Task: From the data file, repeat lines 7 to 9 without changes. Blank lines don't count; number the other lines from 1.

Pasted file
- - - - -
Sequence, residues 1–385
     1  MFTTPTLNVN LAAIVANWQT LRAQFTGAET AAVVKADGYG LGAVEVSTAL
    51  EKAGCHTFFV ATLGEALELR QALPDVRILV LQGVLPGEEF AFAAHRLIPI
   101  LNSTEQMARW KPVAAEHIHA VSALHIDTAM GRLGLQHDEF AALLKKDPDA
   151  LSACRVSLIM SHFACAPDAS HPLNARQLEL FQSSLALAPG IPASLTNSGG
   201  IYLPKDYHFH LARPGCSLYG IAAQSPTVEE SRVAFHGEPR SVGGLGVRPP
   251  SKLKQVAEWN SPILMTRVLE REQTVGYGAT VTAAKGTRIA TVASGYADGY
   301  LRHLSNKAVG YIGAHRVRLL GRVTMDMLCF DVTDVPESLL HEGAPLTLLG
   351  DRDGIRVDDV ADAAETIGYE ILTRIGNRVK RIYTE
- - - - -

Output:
   251  SKLKQVAEWN SPILMTRVLE REQTVGYGAT VTAAKGTRIA TVASGYADGY
   301  LRHLSNKAVG YIGAHRVRLL GRVTMDMLCF DVTDVPESLL HEGAPLTLLG
   351  DRDGIRVDDV ADAAETIGYE ILTRIGNRVK RIYTE